Editor's Report

A Pilgrim of Peace Visits Iraq


We now know just how far Pope Francis is willing to go on behalf of a beleaguered Christian community that has endured much suffering and displacement in its recent history.

After being grounded at the Vatican for the past year, the pontiff’s pastoral visit to Iraq last weekend brought comfort and relief to a people still facing insecurity and an uncertain future. He walked among crowds formed to greet him even as Covid-19 continues to plague the Middle East country.

The fallout from the coronavirus was no small consideration for the Holy Father, but it ultimately did not deter him from making the journey. Speaking with journalists on the plane ride back to Rome, Pope Francis said he had “thought so much, prayed so much” about the Iraq trip because of the coronavirus pandemic, “and in the end I made the decision freely, but it came from within.”

“And I said to myself the One who helped me decide this will take care of the people.”

We depend on Catholic News Service to be our eyes and ears on the ground and in the air during these foreign trips. Its reporters and photographers are part of the media contingent that travels with Pope Francis to bring news from across the globe to New York. There are perils to their work on behalf of clients, including Catholic New York, which we don’t take for granted, especially on a trip like this recent one.

We did our best to stay with the developing story last weekend on our website, cny.org, and continue to hit the high points, of which there were many, in this issue.

Pope Francis has been a pilgrim pope throughout his eight-year pontificate. New Yorkers know that first-hand from the visit he made to the United States and Cuba back in September 2015, when he electrified crowds throughout the archdiocese. His visits haven’t only been to major metropolises but also to other more out of the way lands. I’m thinking of World Youth Day in Panama City, Panama, in 2019, and his visit to migrants on the island of Lampedusa off Italy’s coast a few months after his election as pope in 2013.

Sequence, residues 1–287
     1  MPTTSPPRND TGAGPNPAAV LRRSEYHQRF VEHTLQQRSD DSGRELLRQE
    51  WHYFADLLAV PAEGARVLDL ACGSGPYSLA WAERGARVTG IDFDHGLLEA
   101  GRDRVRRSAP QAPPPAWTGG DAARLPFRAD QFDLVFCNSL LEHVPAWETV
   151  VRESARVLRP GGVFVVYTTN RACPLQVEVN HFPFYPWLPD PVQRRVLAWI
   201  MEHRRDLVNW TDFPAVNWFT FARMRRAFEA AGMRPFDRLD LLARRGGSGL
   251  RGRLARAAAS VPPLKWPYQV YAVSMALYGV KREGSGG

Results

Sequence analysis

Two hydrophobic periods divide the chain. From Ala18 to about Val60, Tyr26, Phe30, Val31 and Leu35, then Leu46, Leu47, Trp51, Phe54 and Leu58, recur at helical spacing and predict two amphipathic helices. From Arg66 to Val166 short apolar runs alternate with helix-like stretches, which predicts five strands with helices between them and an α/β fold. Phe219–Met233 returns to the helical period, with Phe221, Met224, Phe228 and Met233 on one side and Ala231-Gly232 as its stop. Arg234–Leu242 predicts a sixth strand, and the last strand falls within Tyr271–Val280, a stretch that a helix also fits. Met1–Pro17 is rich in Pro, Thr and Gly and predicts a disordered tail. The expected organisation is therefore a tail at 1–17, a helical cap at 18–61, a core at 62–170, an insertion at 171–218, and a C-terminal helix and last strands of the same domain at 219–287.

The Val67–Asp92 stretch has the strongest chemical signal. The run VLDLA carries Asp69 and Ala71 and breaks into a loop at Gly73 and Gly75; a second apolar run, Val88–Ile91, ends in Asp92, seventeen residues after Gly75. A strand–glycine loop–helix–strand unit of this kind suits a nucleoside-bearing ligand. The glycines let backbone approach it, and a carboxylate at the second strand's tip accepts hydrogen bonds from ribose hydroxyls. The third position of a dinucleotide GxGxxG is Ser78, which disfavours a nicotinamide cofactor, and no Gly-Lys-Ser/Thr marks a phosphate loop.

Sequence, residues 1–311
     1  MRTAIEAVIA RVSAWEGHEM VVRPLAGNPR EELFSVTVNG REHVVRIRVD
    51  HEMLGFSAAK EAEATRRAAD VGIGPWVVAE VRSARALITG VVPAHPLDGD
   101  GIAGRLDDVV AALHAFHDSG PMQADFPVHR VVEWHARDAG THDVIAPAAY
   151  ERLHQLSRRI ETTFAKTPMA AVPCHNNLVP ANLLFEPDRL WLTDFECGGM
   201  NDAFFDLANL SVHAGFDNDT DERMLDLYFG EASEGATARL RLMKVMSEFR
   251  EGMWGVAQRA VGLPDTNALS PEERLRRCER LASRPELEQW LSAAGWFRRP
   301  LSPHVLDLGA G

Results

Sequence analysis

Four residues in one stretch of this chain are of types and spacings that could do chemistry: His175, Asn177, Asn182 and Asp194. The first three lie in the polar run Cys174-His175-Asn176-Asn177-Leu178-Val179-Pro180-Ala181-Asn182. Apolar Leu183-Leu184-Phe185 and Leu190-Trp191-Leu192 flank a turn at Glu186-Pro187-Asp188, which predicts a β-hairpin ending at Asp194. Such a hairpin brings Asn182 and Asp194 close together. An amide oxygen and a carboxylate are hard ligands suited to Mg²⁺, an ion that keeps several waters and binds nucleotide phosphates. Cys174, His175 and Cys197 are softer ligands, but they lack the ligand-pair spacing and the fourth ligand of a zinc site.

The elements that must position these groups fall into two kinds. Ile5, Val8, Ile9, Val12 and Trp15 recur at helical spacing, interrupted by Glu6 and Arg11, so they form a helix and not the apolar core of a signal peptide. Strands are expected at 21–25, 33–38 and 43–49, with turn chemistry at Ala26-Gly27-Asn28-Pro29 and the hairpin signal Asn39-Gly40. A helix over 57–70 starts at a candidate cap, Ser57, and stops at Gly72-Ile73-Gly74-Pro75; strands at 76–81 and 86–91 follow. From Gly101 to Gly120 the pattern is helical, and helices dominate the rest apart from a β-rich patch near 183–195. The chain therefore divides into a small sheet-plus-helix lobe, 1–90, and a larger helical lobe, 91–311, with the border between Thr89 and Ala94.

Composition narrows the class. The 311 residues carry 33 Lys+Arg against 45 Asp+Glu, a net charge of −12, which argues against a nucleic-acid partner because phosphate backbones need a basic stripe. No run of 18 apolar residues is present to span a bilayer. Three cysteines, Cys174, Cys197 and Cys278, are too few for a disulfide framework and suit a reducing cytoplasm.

It was clear that this visit to Iraq, where he visited six cities over 900 miles March 5-8, was close to his heart. Other popes have hoped to visit, but the trips never came off until now.

It may have been the will of Pope Francis, and some might even call it stubbornness. At age 84, the pilgrim pope held an interreligious meeting near the ancient city of Ur, the birthplace of Abraham, who is recognized as the patriarch of monotheistic faith by Christians, Jews and Muslims.

He also walked, with halting steps, down a narrow alleyway to a private meeting in the home of Grand Ayatollah Ali al-Sistani, where he thanked the Shiite Islam leader for speaking out “in defense of the weakest and most persecuted” during recent violent times in Iraq.

On his first day in Iraq, the pope visited Our Lady of Salvation Cathedral in Baghdad, a Syriac Catholic Church where Islamic militants slaughtered 58 people in 2010. “Their deaths are a powerful reminder that inciting war, hateful attitudes, violence or the shedding of blood are incompatible with authentic religious teachings,” said Pope Francis in quoting his recent encyclical Fratelli Tutti.

Another enduring image from the visit is the one on our cover, which shows the pope praying with other religious leaders in a church square in Mosul against a backdrop of devastation, where bombs and bullets have pocked walls and left gaping holes in the city’s architecture.

Insecurity, threats and persecution are major reasons why the Christian population in this Middle Eastern country is flagging. Pope Francis clearly relished being among the members of his flock and others in Iraq to deliver a Lenten message of faith and penitence.

“Closeness to the people of God” is an essential part of being a priest, the pope said.


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